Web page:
I nodded, dipped my head down, and ascended into the house, its familiar scent assaulting me. The whisper of my father’s pack-a-day habit still clung to the yellowed walls. I was surprised that our mother hadn’t painted to erase any hint of him. The ceiling seemed too close to my head. Had the house always been this small? Did I make it larger in my memory? I hadn’t grown any since leaving, yet I felt like a giant stumbling through a dollhouse. I dropped my bag to the worn gray carpet.
My mother stepped toward me, and we hugged awkwardly, our bodies barely touching. She was warm and smelled of sleep. She patted me in a stiff gesture, then pulled back to look at me. “You’ve gotten so pretty,” she said, reaching to touch my hair, then stopping quickly as though she had thought better of it. “Your hair turned out so much darker than your father’s.”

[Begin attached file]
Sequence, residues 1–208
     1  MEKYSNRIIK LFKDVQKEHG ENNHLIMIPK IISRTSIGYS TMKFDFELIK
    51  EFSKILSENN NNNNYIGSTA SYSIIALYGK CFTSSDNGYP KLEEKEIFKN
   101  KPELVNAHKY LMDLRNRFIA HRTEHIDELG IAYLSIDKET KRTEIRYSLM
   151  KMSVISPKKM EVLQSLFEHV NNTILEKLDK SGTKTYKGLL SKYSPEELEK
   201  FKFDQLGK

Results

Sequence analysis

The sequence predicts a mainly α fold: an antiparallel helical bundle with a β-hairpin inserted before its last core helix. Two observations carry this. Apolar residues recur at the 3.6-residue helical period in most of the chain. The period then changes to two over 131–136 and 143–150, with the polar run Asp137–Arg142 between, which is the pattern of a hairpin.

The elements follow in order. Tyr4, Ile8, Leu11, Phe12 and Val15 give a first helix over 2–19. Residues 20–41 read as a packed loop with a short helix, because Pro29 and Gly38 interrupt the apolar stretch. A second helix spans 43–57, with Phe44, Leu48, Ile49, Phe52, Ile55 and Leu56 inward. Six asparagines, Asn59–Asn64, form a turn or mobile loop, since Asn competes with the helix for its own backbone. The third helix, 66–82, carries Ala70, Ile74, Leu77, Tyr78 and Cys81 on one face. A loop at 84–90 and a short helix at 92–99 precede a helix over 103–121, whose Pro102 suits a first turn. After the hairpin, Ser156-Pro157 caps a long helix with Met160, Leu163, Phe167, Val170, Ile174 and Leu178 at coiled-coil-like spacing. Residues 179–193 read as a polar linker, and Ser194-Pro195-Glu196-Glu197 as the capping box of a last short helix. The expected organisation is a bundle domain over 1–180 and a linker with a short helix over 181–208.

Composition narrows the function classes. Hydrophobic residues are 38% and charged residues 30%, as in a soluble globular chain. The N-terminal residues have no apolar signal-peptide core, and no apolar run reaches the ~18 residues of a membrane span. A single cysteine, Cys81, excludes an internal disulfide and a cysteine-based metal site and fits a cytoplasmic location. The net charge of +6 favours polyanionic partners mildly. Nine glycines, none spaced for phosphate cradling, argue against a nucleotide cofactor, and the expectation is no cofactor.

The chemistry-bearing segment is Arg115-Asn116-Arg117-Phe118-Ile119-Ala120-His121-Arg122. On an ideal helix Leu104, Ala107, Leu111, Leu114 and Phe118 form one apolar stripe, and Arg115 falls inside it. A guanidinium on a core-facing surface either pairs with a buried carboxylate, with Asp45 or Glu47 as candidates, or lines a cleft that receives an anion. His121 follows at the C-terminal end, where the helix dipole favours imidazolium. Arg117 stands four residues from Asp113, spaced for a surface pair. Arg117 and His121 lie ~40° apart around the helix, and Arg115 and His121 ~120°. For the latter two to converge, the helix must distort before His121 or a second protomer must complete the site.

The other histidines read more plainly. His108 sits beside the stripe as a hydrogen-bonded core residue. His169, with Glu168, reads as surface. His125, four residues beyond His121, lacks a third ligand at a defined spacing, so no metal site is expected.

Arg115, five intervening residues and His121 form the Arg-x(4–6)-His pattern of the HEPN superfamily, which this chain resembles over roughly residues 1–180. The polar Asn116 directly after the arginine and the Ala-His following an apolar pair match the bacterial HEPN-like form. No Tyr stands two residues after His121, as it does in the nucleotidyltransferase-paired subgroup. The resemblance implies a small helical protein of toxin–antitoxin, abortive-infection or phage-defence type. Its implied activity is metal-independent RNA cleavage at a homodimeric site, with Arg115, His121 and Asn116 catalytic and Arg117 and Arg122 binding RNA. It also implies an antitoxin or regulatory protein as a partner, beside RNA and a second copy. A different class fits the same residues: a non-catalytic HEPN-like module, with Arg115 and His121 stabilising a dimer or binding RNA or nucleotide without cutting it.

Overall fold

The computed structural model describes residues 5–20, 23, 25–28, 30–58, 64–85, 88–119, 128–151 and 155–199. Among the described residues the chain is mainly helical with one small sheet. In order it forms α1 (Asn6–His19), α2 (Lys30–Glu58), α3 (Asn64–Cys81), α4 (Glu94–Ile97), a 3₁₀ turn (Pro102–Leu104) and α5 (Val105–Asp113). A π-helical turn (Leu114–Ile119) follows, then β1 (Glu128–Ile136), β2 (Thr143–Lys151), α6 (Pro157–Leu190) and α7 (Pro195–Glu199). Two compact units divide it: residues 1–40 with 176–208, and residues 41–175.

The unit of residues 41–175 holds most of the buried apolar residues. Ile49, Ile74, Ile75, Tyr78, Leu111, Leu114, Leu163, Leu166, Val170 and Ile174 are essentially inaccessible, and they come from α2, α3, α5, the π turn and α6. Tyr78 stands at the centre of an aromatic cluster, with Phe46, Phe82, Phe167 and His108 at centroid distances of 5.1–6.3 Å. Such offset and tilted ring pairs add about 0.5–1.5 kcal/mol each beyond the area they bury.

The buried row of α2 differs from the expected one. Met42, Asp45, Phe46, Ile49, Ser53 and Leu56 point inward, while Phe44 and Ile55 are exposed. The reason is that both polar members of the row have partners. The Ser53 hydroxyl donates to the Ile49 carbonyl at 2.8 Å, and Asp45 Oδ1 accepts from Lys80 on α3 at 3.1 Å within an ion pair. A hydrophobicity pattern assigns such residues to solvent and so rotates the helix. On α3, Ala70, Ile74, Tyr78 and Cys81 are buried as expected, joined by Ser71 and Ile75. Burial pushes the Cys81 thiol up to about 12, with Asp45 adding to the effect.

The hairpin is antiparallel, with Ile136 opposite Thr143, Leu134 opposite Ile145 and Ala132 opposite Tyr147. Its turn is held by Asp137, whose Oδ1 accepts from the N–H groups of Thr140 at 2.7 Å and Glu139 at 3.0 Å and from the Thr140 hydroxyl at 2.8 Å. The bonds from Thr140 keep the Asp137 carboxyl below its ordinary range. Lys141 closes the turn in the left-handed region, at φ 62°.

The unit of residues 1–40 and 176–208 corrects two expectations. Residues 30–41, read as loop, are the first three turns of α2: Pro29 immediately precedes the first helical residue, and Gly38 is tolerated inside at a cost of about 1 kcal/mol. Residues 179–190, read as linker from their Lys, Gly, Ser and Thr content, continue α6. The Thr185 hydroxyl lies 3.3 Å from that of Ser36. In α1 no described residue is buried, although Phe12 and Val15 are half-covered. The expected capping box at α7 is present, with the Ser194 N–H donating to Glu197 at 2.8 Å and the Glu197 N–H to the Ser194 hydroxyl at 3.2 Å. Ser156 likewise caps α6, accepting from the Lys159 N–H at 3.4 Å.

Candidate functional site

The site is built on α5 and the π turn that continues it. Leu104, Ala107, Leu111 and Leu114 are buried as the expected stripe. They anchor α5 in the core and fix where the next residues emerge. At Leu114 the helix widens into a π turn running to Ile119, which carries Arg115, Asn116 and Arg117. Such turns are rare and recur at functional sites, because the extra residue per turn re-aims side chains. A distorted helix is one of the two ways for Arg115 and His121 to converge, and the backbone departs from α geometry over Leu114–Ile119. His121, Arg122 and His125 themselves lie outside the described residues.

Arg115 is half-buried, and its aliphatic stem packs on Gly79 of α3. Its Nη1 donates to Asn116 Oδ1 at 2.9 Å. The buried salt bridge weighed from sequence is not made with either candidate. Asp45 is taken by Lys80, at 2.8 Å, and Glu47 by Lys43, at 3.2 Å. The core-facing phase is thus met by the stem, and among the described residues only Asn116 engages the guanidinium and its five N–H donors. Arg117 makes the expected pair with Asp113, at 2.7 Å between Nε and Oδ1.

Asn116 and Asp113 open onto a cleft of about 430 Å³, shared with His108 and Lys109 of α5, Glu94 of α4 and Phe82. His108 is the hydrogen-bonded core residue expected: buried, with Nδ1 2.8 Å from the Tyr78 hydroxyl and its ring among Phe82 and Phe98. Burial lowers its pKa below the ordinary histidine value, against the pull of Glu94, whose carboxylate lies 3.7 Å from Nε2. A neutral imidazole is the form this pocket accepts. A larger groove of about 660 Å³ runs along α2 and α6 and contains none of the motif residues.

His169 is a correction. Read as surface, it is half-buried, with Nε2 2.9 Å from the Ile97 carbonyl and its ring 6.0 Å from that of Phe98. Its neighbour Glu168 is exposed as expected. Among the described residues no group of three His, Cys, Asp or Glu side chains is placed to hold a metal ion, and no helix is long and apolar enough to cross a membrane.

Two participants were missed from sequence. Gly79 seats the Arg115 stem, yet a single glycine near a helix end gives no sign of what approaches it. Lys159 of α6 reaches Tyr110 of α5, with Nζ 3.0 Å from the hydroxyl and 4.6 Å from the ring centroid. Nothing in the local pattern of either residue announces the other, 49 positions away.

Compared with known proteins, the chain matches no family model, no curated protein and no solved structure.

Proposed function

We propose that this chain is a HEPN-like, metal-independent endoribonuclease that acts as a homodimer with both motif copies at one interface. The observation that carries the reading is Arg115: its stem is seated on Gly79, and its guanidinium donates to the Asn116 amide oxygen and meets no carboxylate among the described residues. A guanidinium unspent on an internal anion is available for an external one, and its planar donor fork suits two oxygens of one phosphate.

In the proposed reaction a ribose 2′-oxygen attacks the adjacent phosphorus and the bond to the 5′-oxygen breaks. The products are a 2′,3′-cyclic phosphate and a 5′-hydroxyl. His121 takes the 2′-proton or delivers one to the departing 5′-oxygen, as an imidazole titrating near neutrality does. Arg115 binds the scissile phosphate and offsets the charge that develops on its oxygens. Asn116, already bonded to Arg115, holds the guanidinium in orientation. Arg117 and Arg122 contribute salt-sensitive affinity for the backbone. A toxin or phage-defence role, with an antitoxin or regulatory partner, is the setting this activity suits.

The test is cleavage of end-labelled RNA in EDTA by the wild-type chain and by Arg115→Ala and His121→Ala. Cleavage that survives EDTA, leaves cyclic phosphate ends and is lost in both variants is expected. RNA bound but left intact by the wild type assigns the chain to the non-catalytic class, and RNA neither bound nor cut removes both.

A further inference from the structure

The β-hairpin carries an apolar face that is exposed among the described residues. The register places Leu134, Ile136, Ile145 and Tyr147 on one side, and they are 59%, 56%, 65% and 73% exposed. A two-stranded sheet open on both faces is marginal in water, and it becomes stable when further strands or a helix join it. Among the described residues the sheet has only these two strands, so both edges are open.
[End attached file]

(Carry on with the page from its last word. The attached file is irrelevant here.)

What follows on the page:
I nodded again, not trusting my voice. While I had inherited my father’s bold hair color and my mother’s slanted mossy green eyes, my shorter, more voluptuous build was a gift of heredity from a grandmother I had never met. Jenny had been the lucky recipient of both our parents’ slender tendencies. I fingered my copper curls self-consciously, keeping my eyes to the ground. I wrestled with the simultaneous urge to either slap this woman or throw myself into her arms, weeping. I kept every muscle, every nerve in my body rigid and tense, fighting for control. As we stood in the light of the hallway, I took in the details of how the last ten years had changed her. Her once-smooth, pearlescent skin was now crinkled, like fine white tissue paper. The lines around her mouth sliced her cheeks in deep parentheses, and the gray in her chestnut hair grew in thick stripes on each side of her face. Her eyes were the same, in perfect echo of my own. Our eyes were the only indication we were related. Without them, we might simply be strangers passing each other on the street.